BOSTON — Led by U.S. Sen. Elizabeth Warren, a bipartisan group of 54 congressional lawmakers on Thursday sent a letter to the president asking him to overrule his attorney general and go back to a hands-off federal approach to marijuana law enforcement.
The letter to President Donald Trump highlights his comments as a candidate that marijuana policy should be left "up to the states" and asks him to instruct U.S. Attorney General Jeff Sessions to reinstate the Cole Memorandum, an Obama-era policy that allowed states to establish their own legal marijuana markets without federal law enforcement interference.
When Sessions rescinded that guidance on Jan. 4, he left decisions about the prosecution of federal marijuana cases up to local federal prosecutors. U.S. Attorney for Massachusetts Andrew Lelling has repeatedly said he will not rule out bringing federal charges against businesses or employees involved in the state-legal marijuana industry, though he says his main focus will be on bulk traffickers.
"This action has the potential to unravel efforts to build sensible drug policies that encourage economic development as we are finally moving away from antiquated practices that have hurt disadvantaged communities," the members of Congress wrote. "This new guidance will have a chilling effect across the country in states that have worked tirelessly to implement voter-approved laws, creating legal and economic uncertainty."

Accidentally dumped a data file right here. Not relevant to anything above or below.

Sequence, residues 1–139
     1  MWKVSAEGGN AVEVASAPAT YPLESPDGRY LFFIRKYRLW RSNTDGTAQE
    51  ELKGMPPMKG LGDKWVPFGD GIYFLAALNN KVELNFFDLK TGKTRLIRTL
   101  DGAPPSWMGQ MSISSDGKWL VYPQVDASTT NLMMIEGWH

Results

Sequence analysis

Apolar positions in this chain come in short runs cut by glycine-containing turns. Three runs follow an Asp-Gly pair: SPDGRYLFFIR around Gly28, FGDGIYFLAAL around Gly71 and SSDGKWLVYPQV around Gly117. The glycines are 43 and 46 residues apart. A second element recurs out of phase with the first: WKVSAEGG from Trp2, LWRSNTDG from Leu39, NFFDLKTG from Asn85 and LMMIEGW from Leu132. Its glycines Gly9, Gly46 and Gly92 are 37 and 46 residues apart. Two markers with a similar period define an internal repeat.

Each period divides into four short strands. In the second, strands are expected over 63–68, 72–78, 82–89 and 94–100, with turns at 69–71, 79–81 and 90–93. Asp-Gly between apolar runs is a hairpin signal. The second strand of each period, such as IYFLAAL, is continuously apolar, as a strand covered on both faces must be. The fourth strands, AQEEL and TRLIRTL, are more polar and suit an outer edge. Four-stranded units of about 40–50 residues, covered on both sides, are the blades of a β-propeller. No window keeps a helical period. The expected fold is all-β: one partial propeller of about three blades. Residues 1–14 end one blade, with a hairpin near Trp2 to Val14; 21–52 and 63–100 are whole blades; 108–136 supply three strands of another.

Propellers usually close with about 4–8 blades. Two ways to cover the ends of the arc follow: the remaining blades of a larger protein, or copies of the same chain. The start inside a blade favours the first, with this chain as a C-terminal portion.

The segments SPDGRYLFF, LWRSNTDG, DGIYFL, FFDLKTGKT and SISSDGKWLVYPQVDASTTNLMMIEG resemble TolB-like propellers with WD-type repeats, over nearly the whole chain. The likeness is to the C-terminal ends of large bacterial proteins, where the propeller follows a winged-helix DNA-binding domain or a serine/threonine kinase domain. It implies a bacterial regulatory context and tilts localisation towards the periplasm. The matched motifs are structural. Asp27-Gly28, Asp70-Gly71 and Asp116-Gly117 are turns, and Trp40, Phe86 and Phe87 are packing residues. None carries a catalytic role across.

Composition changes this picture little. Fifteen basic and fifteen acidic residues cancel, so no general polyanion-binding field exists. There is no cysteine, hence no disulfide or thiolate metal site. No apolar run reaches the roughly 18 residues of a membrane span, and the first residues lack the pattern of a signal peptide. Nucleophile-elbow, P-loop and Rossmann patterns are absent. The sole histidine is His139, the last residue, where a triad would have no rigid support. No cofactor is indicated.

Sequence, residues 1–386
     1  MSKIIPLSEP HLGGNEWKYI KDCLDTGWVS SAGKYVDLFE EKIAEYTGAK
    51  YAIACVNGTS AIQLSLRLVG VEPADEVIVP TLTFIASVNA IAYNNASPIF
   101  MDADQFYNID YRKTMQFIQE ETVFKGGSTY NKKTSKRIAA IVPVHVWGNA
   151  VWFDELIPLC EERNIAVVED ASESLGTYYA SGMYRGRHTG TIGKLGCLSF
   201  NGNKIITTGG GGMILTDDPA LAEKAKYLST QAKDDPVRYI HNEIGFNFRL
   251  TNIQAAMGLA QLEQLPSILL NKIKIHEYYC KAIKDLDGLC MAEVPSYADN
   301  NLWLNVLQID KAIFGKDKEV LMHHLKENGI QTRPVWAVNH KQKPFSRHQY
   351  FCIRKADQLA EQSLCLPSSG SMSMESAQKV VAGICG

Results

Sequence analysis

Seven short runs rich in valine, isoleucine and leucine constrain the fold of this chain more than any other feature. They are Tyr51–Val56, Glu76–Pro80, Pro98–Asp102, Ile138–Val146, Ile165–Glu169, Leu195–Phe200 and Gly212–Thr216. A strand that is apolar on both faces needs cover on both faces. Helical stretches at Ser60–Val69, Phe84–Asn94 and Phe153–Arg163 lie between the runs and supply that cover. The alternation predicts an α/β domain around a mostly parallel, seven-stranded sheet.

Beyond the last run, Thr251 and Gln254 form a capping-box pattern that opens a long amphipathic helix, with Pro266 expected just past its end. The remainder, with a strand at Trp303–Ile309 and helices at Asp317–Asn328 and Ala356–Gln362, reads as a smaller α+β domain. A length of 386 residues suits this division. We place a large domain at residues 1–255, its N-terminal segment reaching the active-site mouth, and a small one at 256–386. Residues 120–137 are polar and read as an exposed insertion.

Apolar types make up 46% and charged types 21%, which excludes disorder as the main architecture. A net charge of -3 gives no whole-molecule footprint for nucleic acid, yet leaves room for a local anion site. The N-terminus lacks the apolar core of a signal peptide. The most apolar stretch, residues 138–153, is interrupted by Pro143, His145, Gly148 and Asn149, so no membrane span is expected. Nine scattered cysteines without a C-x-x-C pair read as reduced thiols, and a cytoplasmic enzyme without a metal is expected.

U.S. Sen. Edward Markey and U.S. Reps. James McGovern, Seth Moulton, Niki Tsongas and Michael Capuano — all of Massachusetts — also signed the letter.
Nine states — Alaska, California, Colorado, Maine, Massachusetts, Nevada, Oregon, Vermont, and Washington — and the District of Columbia have passed laws to legalize the use of marijuana by people 21 or older, though the substance remains wholly illegal at the federal level.
~ Colin A. Young/State House News Service